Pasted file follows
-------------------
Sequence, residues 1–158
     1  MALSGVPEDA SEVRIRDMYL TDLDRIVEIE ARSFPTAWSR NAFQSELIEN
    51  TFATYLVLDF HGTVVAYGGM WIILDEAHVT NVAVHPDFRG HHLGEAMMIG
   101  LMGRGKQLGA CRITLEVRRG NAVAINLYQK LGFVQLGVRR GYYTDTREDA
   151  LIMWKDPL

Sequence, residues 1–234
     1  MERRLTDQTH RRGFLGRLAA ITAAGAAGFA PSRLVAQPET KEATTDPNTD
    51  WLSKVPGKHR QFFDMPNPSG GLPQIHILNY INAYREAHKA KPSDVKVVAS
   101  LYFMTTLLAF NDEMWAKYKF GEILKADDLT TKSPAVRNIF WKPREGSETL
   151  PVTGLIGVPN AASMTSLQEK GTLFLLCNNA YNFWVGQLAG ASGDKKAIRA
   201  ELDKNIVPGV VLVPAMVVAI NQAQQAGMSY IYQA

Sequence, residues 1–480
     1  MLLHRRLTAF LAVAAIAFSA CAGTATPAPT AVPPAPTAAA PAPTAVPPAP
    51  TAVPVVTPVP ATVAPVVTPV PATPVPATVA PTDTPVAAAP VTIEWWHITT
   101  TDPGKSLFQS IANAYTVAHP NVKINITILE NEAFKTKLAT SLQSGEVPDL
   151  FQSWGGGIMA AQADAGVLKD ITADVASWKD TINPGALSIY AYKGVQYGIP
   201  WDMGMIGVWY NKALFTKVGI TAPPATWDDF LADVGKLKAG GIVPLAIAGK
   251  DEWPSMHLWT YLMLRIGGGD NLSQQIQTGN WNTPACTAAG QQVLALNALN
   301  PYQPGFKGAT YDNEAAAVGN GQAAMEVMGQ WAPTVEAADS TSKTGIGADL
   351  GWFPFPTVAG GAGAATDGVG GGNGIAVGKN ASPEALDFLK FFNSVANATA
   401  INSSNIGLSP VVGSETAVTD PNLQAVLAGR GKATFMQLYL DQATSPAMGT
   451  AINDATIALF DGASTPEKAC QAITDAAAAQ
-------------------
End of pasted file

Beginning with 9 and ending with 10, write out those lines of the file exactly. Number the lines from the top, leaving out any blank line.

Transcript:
   101  LYFMTTLLAF NDEMWAKYKF GEILKADDLT TKSPAVRNIF WKPREGSETL
   151  PVTGLIGVPN AASMTSLQEK GTLFLLCNNA YNFWVGQLAG ASGDKKAIRA